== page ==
Marlene became active in the Moscow Garden Club and her interest in gardening led her to become a member of the UI Arboretum Associates in 1978. The organization raised funds and awareness of issues related to the development of the arboretum extension and recruited volunteers to perform much of the early planting and landscaping. She served the group as president in 1981-82, and again in 1989-91. In 1985, Marlene initiated a series of gardening workshops that were popular and continue off and on today. Also in the ’80s, she developed a passion for irises and planted 200 varieties arranged alphabetically. She sent hundreds of divisions to gardeners throughout the U.S. via a garden group on the internet. Locally, she began iris sales to benefit the arboretum that have since evolved into an annual fundraising event. She also worked with Schreiner Gardens of Salem, Ore., to introduce the “Vandal Spirit” hybrid of iris in commemoration of the UI’s Centennial in 1989.
Marlene was an entertaining hostess for many visitors to Moscow, who often lodged in the Johnston home while in town for U of I functions such as Vandal football games, homecoming and commencement.
Some may recall that for several years, she recruited her children and friends to hand-decorate 300 commencement programs with dried flower arrangements. Marlene also created the original UI Joe Vandal mascot costume, complete with fiberglass helmet and shield.
In 1995, after Richard retired, they moved to a quiet country home outside Orofino. There was no garden club in Orofino so Marlene started a nonaffiliated garden group. One of the big joys in her life was propagating new plants and experimenting with new techniques. She especially enjoyed growing and sharing the more unusual plants, those not offered at nurseries. Rarely did someone visit her garden and go home without a plant ... or a boxful.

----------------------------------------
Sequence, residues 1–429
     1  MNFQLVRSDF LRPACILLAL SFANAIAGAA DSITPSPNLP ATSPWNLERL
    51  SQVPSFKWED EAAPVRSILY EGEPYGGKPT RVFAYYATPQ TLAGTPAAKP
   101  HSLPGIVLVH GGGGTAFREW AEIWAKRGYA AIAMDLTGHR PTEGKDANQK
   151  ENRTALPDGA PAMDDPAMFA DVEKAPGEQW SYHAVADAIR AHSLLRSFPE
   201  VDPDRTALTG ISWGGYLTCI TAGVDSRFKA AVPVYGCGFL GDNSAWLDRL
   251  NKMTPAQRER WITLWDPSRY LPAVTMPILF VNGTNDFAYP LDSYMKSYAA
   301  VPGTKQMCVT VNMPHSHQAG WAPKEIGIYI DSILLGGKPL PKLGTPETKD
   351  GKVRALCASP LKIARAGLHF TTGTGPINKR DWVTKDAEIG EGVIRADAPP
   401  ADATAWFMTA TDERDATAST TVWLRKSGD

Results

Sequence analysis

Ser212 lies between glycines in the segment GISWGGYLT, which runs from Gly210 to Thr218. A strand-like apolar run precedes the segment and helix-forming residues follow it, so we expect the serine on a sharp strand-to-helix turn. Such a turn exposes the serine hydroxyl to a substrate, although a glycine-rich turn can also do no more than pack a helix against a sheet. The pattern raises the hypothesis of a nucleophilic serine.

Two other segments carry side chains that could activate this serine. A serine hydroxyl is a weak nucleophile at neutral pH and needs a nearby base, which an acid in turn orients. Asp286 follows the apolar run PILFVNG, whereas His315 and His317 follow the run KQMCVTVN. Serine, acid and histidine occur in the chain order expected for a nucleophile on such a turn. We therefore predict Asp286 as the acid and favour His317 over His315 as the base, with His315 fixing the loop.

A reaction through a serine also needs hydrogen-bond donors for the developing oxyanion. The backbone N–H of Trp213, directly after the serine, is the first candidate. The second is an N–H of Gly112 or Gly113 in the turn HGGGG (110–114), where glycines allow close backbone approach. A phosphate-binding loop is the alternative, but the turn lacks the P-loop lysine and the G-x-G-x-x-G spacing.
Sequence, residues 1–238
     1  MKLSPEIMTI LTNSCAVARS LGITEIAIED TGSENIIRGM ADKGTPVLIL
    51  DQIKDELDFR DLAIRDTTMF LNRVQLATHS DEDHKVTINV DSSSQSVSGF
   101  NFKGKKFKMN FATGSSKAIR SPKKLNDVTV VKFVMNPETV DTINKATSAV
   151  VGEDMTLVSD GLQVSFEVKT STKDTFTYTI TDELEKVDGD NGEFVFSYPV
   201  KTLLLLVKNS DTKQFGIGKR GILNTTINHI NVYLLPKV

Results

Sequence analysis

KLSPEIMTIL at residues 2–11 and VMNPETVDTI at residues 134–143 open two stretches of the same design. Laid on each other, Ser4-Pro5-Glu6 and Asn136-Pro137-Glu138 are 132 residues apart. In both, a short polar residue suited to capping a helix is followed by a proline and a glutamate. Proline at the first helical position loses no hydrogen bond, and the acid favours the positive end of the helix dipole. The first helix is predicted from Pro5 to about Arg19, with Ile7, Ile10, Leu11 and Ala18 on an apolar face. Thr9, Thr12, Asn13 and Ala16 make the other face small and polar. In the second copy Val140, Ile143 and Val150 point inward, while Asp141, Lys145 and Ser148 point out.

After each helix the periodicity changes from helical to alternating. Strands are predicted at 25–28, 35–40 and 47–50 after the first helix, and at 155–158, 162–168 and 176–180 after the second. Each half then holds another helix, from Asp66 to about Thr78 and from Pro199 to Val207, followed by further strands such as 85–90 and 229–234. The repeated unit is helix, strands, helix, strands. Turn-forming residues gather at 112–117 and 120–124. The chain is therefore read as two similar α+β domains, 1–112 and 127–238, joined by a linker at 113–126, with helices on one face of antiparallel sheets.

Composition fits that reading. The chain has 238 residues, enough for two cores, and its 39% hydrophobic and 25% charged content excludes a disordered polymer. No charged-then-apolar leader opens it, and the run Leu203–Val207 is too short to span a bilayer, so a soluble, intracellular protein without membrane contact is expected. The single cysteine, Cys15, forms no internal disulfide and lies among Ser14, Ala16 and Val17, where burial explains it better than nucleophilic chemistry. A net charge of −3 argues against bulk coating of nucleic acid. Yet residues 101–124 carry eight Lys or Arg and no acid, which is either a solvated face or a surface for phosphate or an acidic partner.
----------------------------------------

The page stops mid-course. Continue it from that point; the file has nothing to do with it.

While she may have seemed like a passionate gardening mom to many, those who knew her best will cherish her offbeat nature. Some of her children’s first memories are of her dancing in the living room to “Zorba the Greek” and “Fiddler on The Roof.” She was an Oakland Raiders fan before being a Raiders fan was cool. At the cocktail parties she and Richard hosted, she often amused guests with her custom-made T-shirt which read, “WHO INVITED ALL THESE TACKY PEOPLE?” Her favorite necklace, purchased in the 1950s, was a large coin that featured the bust of Napoleon Bonaparte. She liked to keep people laughing, smiling or guessing.
Throughout her life, Marlene traveled far and wide, enjoying family trips in the United States and Canada, Germany, Hawaii, New Zealand, Australia, Switzerland, Austria, Spain, plus cruises to the Caribbean and the Panama Canal. Marlene and Richard enjoyed an unforgettable cruise to Alaska with the entire family to celebrate their 50th anniversary.
She is survived by her husband, Richard Johnston, son Kenneth Johnston and daughter Nancy (Brian) Zabriskie, all of Moscow. She is further survived by daughter Erika (Geoff) Johnston-Keith, of Lexington, Mass., brother Fred Neubronner, of Chicago, grandchildren Joseph Zabriskie and Elaine Zabriskie, of Boise, and Martin Keith, of Lexington, Mass.
A memorial service will be held at 11 a.m. Sept. 16 at Emmanuel Lutheran Church, 1036 W. A St., Moscow, and will be followed by a gathering of family and friends at noon at the Best Western in Moscow. The family requests that memorial gifts be designated to the UI Arboretum through the University of Idaho Foundation.
Arrangements have been entrusted to Short’s Funeral Chapel of Moscow, and online condolences may be sent to shortsfuneralchapel.com.